Raising Rabbits for Meat (They’re Quieter Than Chickens)

What to Feed Rabbits and Other Tips for Raising Meat Rabbits

Raising Rabbits for Meat (They’re Quieter Than Chickens)

Last summer I bought a breeding pair of California rabbits from a local farm in order to begin raising rabbits for meat. I intended to raise them in a rabbit hutch, this being the normal course of action, but my husband had other ideas. The result has been a modified colony situation. The rabbits live in a pen where the hutch serves as their feeding station. They have dug a hole, which has an entrance and an exit, and this is where all the kits have been born. They don’t get trotted out until they are about a month old. At this point they are caught and sexed. Males go over the fence into the Buck Bunny pen, which is identical to the Female Bunny pen with the exception of a burrow. The males seem to live happily together, but this bears watching as I have heard that they will fight over females. But since the females are in a different pen, I am hopeful that this will not occur.

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The main difficulty with a colony is the burrow. Rabbits not wanting to be caught simply run down the hole. If you want exercise, come visit me at butchering time. It takes about 15 minutes to catch a rabbit at my house. By the time you’ve been through the chase, you are good and ready to have at it with no regrets.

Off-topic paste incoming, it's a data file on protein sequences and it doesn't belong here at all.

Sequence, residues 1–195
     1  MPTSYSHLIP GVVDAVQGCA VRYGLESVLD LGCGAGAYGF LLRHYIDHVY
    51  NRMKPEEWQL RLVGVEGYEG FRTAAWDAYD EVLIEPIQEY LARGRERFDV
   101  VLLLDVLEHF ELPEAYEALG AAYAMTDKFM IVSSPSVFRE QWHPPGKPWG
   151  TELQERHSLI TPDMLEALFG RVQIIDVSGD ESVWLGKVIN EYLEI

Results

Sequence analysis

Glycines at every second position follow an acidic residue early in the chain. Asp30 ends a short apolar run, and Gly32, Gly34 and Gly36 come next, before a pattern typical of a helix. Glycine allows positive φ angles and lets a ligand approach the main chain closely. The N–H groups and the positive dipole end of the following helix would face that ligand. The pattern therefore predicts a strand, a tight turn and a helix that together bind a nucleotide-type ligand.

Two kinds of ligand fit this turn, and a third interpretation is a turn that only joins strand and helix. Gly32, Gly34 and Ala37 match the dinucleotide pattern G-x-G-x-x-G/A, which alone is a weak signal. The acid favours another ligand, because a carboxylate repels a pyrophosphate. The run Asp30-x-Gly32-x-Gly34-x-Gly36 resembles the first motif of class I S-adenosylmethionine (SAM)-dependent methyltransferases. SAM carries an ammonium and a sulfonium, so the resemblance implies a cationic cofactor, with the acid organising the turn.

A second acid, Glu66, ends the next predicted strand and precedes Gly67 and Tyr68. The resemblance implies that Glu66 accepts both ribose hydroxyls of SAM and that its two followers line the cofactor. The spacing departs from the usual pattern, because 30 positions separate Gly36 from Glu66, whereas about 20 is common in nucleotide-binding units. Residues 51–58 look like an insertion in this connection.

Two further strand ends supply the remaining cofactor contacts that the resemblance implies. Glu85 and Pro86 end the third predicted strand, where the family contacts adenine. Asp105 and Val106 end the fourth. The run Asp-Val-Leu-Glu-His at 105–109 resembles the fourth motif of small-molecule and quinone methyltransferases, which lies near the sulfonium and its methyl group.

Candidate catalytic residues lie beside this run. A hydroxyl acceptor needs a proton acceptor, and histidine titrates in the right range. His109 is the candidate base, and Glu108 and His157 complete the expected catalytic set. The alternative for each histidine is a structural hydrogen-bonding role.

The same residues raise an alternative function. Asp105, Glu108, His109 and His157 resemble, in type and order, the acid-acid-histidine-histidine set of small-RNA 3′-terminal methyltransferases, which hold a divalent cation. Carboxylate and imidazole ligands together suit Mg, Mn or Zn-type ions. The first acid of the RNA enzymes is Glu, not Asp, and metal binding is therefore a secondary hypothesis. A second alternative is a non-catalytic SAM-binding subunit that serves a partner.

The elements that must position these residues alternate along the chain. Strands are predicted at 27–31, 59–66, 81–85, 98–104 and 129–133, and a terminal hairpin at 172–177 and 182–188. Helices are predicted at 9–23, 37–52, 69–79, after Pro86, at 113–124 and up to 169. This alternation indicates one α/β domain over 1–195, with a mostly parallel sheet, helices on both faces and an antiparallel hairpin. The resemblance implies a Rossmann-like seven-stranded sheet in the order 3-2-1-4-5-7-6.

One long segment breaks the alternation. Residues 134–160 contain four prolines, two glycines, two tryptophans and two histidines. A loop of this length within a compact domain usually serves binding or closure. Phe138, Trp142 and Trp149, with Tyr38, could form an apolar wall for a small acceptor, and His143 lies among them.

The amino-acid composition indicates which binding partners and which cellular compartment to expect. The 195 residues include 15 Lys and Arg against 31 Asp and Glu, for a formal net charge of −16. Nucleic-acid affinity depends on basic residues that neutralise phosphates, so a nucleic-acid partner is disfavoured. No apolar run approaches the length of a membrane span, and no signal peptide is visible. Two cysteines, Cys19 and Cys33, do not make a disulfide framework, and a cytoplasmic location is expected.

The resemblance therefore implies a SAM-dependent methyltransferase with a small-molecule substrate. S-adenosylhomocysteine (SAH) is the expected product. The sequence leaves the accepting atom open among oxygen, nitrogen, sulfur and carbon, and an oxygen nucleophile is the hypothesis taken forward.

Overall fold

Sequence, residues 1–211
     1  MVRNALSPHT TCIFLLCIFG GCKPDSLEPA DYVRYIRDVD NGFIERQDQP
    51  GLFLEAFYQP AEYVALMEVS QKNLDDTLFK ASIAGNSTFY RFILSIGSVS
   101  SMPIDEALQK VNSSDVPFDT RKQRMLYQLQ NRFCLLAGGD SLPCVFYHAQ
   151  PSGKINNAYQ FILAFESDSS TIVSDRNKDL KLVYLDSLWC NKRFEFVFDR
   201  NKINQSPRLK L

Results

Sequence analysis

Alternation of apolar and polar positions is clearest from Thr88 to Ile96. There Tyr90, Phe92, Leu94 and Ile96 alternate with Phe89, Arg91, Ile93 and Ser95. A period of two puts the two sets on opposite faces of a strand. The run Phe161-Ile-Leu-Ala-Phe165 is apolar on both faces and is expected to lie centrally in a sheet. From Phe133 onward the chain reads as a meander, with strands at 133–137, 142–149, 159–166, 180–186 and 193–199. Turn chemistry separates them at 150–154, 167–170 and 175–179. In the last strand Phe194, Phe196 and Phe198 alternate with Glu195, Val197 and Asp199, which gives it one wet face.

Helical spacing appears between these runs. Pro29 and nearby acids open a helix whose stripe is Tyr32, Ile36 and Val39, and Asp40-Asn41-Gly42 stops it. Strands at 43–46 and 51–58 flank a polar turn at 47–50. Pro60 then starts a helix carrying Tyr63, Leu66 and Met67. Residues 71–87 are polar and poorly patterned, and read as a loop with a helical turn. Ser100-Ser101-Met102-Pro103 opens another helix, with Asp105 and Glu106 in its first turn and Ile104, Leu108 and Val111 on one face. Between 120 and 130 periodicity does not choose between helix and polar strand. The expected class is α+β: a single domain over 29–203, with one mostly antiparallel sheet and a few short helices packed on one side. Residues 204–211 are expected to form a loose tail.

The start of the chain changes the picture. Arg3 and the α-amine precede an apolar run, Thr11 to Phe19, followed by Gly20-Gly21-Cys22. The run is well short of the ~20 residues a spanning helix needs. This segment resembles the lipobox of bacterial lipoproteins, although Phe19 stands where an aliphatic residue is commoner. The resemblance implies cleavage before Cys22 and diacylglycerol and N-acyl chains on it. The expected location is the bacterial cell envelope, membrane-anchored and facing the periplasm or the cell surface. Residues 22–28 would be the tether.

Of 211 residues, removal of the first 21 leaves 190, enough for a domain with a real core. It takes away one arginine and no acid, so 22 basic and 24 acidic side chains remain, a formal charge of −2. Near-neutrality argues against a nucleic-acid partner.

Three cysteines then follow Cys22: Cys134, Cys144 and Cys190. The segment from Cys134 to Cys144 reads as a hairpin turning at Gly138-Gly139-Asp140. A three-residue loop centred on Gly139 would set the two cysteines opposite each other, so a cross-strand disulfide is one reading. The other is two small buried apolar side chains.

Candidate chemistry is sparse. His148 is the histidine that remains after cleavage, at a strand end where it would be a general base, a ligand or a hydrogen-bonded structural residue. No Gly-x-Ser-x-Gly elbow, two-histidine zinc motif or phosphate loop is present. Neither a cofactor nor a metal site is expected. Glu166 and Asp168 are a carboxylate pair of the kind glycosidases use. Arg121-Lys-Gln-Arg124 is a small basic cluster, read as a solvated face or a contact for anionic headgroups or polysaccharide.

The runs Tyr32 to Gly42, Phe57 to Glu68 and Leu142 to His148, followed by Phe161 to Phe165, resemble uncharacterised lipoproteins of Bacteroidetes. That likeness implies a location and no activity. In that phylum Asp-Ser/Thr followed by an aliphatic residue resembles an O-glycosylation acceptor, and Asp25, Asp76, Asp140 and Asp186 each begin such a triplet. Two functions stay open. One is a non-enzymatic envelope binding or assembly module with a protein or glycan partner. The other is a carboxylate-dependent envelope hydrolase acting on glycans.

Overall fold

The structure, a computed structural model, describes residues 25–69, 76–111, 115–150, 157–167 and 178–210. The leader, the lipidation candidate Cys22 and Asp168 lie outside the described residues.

Wondering what to feed meat rabbits? We feed the rabbits Nutrena Naturewise rabbit pellets, fresh water twice a day, occasional treats of carrot or apple. They get straw under the hutches and in several places around the pen for eating or lining a nest, or whatever they want. We use an old chicken feeder to hold the food, and a gallon chicken waterer. They have their own assigned area for defecation, and this just needs to be shoveled up and composted. We have used welded wire fencing for the pen, then 4′ h x 1″ gauge chicken wire around the bottom of the fence to keep the little ones in. We have not had any rabbits burrow out. They are happy in their pen and if one somehow gets out, maybe under our feet when we enter or exit, they will sit by the gate and wait to be let back in.

Hanging the rabbits at a comfortable height makes skinning easier.

When it came time to butcher, I followed an excellent tutorial from Polyface Farms apprentices. I am saving my skins in the freezer until I get enough to work with. At that point I am going to try to preserve them and make a lining for a blanket. I hope this helps you feel confident that you to can begin raising rabbits for meat. That’s how we do thing here at Good Enough Farm. Anyone with questions email me. If you are interested in raising rabbits for meat, we suggest you research rabbit factsmeat rabbit breeds and of course, rabbit recipes! 

Cut-up rabbit meat and pelt.

Originally published in Countryside May/June 2011

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